Of course, to Rabbit/The Mysterious Stranger, it's the prank-like traditions that made American universities great. So it's no wonder that he would want to contribute by making the library riot into a sort of tradition. Which nicely points out how traditions start as change, as something new (and probably disruptive). It's only when it sticks around that it becomes "tradition" and we forget what a big change it was in the first place.

    Sometimes decisions come down to one poor slob on the ground. (31.29)

    Bob has a lot more firepower in 2025 than he would have in 2013. His command also involves far fewer actual marines (20.135). But some things don't change in a war or battle, like how the soldiers at the scene sometimes have to make decisions for themselves. Note also that this comment of Bob's is present tense and broad—it's not just "this decision," but multiple "decisions." Bob recognizes that this is a situation that will continue to happen without serious change.

    Grades for the demos wouldn't be available for another twenty hours or so. They would have plenty of time to agonize over their failings. Nevertheless, Louise Chumlig looked quite cheerful, giving each student her congratulations—and deflecting all manner of questions about whether this or that deficit should truly be of any grading significance. (34.1)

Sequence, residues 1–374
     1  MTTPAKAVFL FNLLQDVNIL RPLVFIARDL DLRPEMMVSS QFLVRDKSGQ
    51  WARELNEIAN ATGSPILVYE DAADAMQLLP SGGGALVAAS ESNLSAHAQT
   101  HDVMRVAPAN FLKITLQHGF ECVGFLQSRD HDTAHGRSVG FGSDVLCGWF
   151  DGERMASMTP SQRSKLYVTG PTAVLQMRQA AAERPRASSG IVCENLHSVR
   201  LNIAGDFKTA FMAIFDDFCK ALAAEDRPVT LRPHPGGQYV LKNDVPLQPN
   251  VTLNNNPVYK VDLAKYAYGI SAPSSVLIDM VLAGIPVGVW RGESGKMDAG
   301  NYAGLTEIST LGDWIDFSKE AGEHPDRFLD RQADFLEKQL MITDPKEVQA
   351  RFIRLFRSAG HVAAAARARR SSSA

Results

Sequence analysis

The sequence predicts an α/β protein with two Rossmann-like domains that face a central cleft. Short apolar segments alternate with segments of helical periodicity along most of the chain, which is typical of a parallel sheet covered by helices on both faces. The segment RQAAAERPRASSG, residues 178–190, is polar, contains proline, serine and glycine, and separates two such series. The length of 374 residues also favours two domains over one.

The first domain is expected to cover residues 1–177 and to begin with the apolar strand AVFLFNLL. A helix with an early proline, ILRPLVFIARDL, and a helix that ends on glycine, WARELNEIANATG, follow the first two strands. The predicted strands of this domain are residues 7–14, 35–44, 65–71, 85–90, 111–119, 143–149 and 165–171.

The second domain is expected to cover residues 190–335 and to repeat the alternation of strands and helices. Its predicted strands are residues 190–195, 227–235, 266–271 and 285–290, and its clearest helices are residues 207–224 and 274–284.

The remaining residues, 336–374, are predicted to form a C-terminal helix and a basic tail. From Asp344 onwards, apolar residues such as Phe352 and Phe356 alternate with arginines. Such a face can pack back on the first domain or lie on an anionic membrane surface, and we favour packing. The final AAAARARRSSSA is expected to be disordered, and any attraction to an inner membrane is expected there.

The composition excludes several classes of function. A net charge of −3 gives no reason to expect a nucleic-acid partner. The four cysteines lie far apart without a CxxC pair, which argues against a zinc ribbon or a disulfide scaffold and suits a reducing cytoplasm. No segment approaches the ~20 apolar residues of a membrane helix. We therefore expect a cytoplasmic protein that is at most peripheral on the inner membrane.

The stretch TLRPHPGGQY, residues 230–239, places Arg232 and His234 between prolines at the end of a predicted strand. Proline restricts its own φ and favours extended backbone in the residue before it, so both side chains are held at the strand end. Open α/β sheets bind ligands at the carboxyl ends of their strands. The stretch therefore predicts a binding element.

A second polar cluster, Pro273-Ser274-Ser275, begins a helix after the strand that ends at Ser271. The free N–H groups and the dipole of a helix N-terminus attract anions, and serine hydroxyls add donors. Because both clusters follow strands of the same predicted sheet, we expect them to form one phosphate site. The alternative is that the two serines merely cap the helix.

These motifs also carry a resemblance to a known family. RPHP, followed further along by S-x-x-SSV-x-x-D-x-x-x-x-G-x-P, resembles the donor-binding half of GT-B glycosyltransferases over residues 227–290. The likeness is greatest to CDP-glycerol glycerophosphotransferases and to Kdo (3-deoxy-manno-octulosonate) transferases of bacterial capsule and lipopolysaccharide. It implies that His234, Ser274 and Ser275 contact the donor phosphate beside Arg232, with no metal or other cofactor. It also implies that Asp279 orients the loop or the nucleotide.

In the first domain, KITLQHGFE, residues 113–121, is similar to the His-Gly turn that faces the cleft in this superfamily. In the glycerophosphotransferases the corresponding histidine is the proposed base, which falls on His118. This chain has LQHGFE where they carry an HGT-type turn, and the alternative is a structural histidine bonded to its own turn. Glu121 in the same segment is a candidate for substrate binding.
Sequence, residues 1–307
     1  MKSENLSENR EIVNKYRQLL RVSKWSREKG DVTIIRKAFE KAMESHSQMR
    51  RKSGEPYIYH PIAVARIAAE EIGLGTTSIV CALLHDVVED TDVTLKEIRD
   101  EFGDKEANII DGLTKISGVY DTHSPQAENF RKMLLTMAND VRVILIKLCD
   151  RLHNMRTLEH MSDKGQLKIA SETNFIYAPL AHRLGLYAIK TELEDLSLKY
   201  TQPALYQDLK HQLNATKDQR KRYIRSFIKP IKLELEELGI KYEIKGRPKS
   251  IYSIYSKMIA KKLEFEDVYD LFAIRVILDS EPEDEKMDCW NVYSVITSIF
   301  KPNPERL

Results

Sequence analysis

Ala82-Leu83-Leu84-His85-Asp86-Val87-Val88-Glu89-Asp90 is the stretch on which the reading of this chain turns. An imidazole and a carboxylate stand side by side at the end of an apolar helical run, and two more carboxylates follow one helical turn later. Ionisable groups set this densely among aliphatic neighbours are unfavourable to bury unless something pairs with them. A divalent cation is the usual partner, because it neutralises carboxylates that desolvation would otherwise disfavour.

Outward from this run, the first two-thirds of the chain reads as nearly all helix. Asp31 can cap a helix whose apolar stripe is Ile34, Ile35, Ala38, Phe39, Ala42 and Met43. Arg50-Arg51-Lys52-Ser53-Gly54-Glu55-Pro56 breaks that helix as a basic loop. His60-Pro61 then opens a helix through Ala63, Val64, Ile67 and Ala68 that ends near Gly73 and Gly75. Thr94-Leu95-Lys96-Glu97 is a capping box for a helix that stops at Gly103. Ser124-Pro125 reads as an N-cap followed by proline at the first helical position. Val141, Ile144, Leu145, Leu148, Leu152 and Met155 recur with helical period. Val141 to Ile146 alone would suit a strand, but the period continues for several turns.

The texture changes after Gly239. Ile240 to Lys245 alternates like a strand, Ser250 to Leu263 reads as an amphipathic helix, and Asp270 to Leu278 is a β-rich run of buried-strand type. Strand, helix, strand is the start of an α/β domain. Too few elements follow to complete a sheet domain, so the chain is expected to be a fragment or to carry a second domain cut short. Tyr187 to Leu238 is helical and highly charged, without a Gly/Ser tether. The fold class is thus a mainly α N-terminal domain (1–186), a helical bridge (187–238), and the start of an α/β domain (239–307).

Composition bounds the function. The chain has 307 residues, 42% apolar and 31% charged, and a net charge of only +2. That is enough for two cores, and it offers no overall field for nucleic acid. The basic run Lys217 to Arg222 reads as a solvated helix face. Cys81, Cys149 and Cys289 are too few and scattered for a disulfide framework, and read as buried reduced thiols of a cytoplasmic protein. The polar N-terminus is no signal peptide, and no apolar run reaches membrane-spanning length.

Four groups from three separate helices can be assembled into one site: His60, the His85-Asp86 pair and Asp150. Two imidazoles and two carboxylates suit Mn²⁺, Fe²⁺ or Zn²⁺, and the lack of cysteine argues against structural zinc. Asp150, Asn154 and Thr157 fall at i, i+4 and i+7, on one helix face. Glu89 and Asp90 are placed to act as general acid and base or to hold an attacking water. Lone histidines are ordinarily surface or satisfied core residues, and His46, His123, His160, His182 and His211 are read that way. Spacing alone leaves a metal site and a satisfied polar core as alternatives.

To end, here's another aspect of the future that remains the same as now: even when students might make money with their final projects, it's hard not to worry about the grade. Maybe one day we'll have computerized teachers that give grades immediately. We can only hope. (Also, note that this is from Robert's POV and he doesn't call Chumlig or the students any names—so we know he's changed.)

  • Art and Culture

    The bidding on physical tour slots to the Sagrada Familia was closed for the day, but there was still a queue of people near the cathedral entrance, people hoping for no-shows. It proved once again that the most important things were those you could touch. (1.22)

    Vaz is visiting Barcelona in person (as he will later visit San Diego in person). So when Vaz, here notes that "the most important things were those you could touch," we could just take that as the old-fashioned rantings of an older man. After all, while it's true that there are tourists waiting for physical tours, let's think about what's implied: that there are virtual tours also. If you can't make it all the way to Barcelona, you still have a chance of seeing the cultural landmarks there.

    Among other things, Pyramid Hill claimed to have the longest freefall ride in California.

    The twins were grinning at him. Jerry waved at the hill. "How would you like to play Cretaceous Returns, but with real feeling?" (4.11-2)